The Community Spirit And High Motivation of CrossFit Goliath

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Every Wednesday, the Raleigh Agenda offers a glimpse of a new fitness outlet or avenue with “Workout Wednesday.” Today, Brenna Leath explores CrossFit Goliath, the new gym of the coach who got her interested (and fit) to begin with. 

My Take

Once upon a time in high school, I played basketball and lacrosse, albeit poorly. At the tender age of seventeen, though, I was turned loose on the world, with no one there to badger me into team sports or an exercise regimen. I fell headfirst into the classic cycle of college, jobs, and partying.

Some seven years later, I had picked up a drinking habit, a smoking habit, and a cool fifty pounds. I decided I needed something drastic. I was going to drink—no, chug—the fitness Kool-Aid. That’s right: I went to CrossFit.

Mitchell Rosser was my first CrossFit coach. If I said I couldn’t do a pull-up, he told me to stand on a box and hold the pull-up bar while I jumped to get my chin over it. If I said I couldn’t run and wanted to walk, he jogged alongside me and encouraged me to keep moving. When I made excuses about my diet, he sat down with me and helped me take baby steps to improve it. In the first eighteen months, I lost forty pounds and, thanks to Mitchell, learned to love fitness.

Courtesy of CrossFit Goliath

Courtesy of CrossFit Goliath

When Mitchell started his own gym, CrossFit Goliath, I was excited to check it out. One look at the list of rave reviews and the wealth of amazing success stories suggested Goliath was less a gym than an amalgamation of a personal training facility, a nutritionist, a support group, a babysitter, and a playground. I am finding that might be right. Plus, they offer a program for most everyone.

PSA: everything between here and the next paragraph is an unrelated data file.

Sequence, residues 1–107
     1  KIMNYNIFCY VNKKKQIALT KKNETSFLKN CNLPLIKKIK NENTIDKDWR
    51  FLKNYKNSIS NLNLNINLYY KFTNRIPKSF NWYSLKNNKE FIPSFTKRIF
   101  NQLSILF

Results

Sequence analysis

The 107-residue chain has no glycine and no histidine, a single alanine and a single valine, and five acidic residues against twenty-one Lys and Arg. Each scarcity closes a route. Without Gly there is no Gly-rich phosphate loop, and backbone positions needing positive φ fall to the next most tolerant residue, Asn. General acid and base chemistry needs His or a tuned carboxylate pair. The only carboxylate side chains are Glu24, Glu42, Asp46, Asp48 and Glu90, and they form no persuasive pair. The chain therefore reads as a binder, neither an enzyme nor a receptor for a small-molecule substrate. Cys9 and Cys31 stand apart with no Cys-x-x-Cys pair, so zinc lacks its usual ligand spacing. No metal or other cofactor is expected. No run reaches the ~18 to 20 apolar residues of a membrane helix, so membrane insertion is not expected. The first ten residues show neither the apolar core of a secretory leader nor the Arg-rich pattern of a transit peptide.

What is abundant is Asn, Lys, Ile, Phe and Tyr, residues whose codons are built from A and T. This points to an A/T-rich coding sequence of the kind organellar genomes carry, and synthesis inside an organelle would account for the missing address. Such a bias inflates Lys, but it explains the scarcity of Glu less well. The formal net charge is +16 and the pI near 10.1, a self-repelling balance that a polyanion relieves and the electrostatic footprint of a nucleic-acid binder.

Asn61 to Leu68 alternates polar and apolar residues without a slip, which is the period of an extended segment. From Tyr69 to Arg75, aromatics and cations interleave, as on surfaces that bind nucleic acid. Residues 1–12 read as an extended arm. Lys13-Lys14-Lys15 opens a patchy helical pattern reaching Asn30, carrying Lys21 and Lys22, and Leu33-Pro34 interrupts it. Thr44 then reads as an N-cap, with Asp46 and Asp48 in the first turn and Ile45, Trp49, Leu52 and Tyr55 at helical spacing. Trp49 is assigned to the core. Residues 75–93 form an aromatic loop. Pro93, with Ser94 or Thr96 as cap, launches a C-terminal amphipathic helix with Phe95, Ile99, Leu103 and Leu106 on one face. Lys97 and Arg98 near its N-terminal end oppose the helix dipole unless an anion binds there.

Name: CrossFit Goliath
Class: CrossFit Session
Location5621 Departure Dr #117, Raleigh 27616
Class scheduleSee schedule.
Class duration: 60 minutes
Drop-in rate: Free first class with a free trial week
Membership: Goliath is currently running a $35 Groupon for a five-day punch pass. In January, the gym starts a six-week fitness and nutrition challenge—just in time for New Year’s resolutions. Regular membership rates vary per selection. The gym offers punch cards and discounted rates for police, fire, EMS, students, teachers, and military, too.
Pros: They have free childcare five days per week both morning and night, so parents will never have to worry about babysitters when they need to exercise.
Cons: CrossFit memberships are generally more expensive than other gym memberships. But in my experience, small classes, personalized coaching, and nutrition training are worth their weight in gold.

How to Dress And What to Bring

Shorts or leggings and a T-shirt with good sneakers.

What to Expect in Class

All CrossFit workouts are based on functional movements that reflect the best aspects of gymnastics, weightlifting, running, rowing, and so on. The biggest pro of CrossFit is that it is never boring, because the workout of the day (WOD, as you’ll learn) is always different. During a recent class at Goliath, the WOD ran with four sets of eight back squats, followed by three rounds of muscle-ups (gymnastics), power snatches (weightlifting), and box jumps (cardio and gymnastics).


Courtesy of CrossFit Goliath

But what if you’ve never done a squat, muscle up, or snatch in your life? There’s a first time for everyone. In the first quarter-hour, the coach leads the class through a warmup, then explains and demonstrates each movement in detail.

While everyone is practicing the movements, the coach also suggests how to safely scale each one. For example, I can’t yet do a muscle up. By scaling, I still perform the coordination of the movement and build the skills I’ll need to one day complete the real thing.

One blessing of CrossFit is that most WODs are over relatively quickly; the goal is to push yourself through a high-intensity workout, so they rarely last more than twenty minutes. As a coach once put it, “It’s just twenty minutes. You can do anything for twenty minutes.”

Finally, the coach leads the class through stretches and yoga poses specific to the large muscle groups used in the workout.

Photo courtesy of CrossFit Goliath

Photo courtesy of CrossFit Goliath

Where You’ll Feel It the Next Day

Most CrossFit classes deliver a full-body workout, although some days are definitely more targeted than others. My biceps and triceps were sore from the scaled muscle-ups. My shoulders got a good workout from the snatches. And my legs burned from the squats and box jumps. That’s a pretty good session.

Locker Room Specifics

There are both men and women’s locker rooms, complete with showers. Start the day off right with an early-morning workout before your real work begins.


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